A scandal rocked the wine world in 1985. It came out of Austria, and would change the wine industry forever. It sounds bad, but in the long term it actually had a positive effect, particularly on Austria itself.

By the 1980’s, Austria was primarily known internationally for its sweet wine, the majority of which was (and still is) produced around the Neusiedlersee. Many of these wines were exported and then bottled in Germany.

A lot of sun and long warm summers are required (more about that later) to produce sweet wines. But there were years when the summer did not offer ideal weather conditions, so the demand for sweet wines could not be met.


The facts got a little blurry in my research here, but the story goes that somehow, someone “figured out” that diethylene glycol (a primary ingredient of antifreeze) makes wines sweeter and more full-bodied while retaining character and flavour. The ‘ideal’ solution to produce enough sweet Austrian wines to meet international demands.

However, someone talked, and it was discovered that Austrian wines were tampered with. It did not take long for this fact to hit the headlines, causing a worldwide scandal.

(Another story is that a tax inspector wondered why an Austrian wine broker was deducting so much antifreeze from his taxes resulting in a wide-spread investigation).

It is noted everywhere that although a higher dose of antifreeze could cause, amongst other things, brain damage and kidney failures, there is not a single report of anyone getting sick after drinking the tainted wine.

Either way, the short-term result of the scandal was the complete collapse of Austrian wine exports; Austrian wines were boycotted world-wide, and Austria suffered a total loss of reputation of their entire wine industry. It took over a decade for the Austrian wine trade to recover from this event.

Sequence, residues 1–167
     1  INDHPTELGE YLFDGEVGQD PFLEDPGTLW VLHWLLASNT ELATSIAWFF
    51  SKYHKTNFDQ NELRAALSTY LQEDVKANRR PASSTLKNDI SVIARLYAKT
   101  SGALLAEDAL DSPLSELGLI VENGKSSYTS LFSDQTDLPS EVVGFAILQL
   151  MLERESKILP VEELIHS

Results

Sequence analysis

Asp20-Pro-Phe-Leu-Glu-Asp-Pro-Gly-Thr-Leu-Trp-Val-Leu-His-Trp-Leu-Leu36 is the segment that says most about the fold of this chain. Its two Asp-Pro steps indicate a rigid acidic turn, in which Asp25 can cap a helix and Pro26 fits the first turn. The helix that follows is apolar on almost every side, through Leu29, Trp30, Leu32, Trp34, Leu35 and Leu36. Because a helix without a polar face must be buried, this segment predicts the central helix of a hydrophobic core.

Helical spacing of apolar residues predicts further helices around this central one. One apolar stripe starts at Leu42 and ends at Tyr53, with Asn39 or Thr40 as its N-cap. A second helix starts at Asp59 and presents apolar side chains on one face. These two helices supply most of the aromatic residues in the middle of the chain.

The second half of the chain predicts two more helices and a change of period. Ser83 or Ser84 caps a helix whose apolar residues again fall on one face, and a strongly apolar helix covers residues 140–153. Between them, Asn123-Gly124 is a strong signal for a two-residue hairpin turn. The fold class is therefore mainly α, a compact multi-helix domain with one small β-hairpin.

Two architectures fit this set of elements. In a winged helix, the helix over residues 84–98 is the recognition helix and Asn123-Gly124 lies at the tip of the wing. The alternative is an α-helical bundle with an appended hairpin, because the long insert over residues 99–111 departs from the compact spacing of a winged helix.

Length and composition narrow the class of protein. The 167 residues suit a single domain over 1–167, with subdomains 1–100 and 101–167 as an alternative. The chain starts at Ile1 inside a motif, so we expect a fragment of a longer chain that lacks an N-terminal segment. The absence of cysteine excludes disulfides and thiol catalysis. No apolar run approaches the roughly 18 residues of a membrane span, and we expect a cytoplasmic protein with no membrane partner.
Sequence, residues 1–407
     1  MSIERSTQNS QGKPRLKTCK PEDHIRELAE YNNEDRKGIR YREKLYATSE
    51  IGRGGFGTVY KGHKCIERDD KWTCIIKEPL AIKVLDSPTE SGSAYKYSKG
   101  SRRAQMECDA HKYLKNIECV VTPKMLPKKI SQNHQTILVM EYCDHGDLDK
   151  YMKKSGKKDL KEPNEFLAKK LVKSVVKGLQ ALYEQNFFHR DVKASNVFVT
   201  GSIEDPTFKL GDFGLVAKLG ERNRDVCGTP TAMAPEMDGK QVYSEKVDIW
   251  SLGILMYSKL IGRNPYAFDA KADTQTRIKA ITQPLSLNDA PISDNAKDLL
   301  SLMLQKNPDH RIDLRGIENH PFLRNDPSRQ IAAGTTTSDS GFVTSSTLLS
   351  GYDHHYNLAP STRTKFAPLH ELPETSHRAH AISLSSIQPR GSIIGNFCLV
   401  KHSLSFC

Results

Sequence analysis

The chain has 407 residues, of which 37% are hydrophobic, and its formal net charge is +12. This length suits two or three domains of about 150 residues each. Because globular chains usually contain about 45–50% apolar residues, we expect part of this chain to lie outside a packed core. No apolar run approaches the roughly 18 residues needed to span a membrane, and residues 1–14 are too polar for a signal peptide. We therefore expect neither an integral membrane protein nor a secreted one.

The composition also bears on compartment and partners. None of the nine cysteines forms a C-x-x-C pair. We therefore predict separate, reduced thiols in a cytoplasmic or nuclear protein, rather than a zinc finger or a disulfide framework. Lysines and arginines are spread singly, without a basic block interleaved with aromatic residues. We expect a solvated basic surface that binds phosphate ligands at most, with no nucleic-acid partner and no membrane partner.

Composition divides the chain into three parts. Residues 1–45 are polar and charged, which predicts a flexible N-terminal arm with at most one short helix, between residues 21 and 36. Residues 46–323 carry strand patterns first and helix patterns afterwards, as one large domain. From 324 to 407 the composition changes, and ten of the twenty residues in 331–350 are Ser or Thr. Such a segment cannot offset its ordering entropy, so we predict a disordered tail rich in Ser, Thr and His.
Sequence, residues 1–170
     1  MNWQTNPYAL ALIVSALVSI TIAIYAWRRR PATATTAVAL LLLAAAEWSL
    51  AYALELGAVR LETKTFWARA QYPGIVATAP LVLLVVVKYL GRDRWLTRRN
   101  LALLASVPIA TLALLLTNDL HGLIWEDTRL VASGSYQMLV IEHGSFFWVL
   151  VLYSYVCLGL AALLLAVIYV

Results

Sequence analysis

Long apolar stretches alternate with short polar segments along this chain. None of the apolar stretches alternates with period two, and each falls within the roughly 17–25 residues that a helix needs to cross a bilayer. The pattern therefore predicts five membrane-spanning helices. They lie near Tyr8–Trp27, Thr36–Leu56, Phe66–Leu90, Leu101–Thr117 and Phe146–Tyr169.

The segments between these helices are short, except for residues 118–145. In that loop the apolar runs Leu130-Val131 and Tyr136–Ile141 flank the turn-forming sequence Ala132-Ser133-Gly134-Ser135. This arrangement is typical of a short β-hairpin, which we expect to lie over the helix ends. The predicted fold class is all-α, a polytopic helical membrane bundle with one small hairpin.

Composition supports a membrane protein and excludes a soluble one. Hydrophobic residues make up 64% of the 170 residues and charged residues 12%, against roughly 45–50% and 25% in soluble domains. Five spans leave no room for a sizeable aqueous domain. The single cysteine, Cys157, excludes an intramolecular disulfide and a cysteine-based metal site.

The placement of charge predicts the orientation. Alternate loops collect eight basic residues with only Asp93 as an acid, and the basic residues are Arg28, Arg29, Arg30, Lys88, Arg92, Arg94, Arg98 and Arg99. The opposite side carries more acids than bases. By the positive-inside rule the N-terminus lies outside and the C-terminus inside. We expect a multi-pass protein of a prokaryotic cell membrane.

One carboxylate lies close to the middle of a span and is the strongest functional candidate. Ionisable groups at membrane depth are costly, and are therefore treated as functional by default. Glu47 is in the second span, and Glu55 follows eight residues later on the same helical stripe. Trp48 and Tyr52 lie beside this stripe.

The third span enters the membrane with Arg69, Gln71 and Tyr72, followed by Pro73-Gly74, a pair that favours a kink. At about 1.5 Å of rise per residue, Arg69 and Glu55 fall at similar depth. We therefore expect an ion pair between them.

Disaster leads to Redemption

In the long term the scandal was actually very positive for Austria’s wine industry. The devastation is left behind resulted in the alteration of many wine laws, which are now among the strictest in the world. This led to a high standard of growing, harvesting and vinifying grapes. As a result, Austria now produces high quality wines!

It also allowed Austria to alter its focus from sweet to dry wines, which is actually a much better fit for this cool-climate wine country.

And there you go! All the drama, but we ended up with delicious, tasty and trustworthy wines. And you can buy them at Craftwines.

The right way to make sweet wine

There are different ways to make sweet wines (also called dessert wines). It’s actually a really interesting topic, so I’ve got a simple version for you here:

Late harvesting

When grapes are harvested late in the season, they soak up the sun as long as possible. Grapes will have more sugar which means a sweeter wine. The sugar levels can be even higher when:
– grapes are dried in the sun (e.g. Amarone/Italy, Pedro Jimenez/Spain)
– grapes have lost water through noble rot/botrytis, a beneficial mould that punctures the grape skin (e.g. Sauternes/France, Ausbruch/Austria and Germany)
– grapes are picked when frozen. The sugar does not freeze but the water in a grape does, resulting in more concentrated juice when pressed (Eiswein/Austria, ice wine/Canada).

Halted fermentation

Fermentation is the process in which yeast turns the sugar in grape juice into alcohol, giving us wine. If the yeast (a living organism), is killed off, fermentation ceases so you have more residual sugar left over.

There are different ways to stop fermentation:

– Cooling the wine. Yeast cannot survive in a cold environment. So by cooling the wine down, there is still some sugar left that has not been turned to alcohol.

– Adding alcohol (specifically, grape brandy) will also kill the yeast and stop fermentation before all sugar has turned into alcohol, resulting in sweet fortified wine (e.g. Port or Muscat).

Interesting fact: Naturally sweeter grapes

Some grape varieties have more natural sugar than others. In Austria, you will find this with Riesling, Müller-Thurgau (Rivaner), Muskateller, Muskat Ottonel, Rotgipfler, and Zierfandler. This does not mean all wines from these grapes are sweet, just that their naturally higher sugar content makes them more easily suitable for sweet wines.

If you want to try something dry but just a touch of sweetness, definitely give these wines a try:
Riesling “Spiegeln” from Thomas Ott
“Athena” (Müller-Thurgau) from Leo Uibel

For semi-sweet wines, try our
Rotgipfler Tradition from Hannes Hofer
Fi’Lu from Rudi Wagentristl
Aurora from Raser-Bayer.  

Being Austrian, these three wines have lively acidity that smoothly balances out the sweetness. Great with cheese, a fruit salad, or simply on their own!


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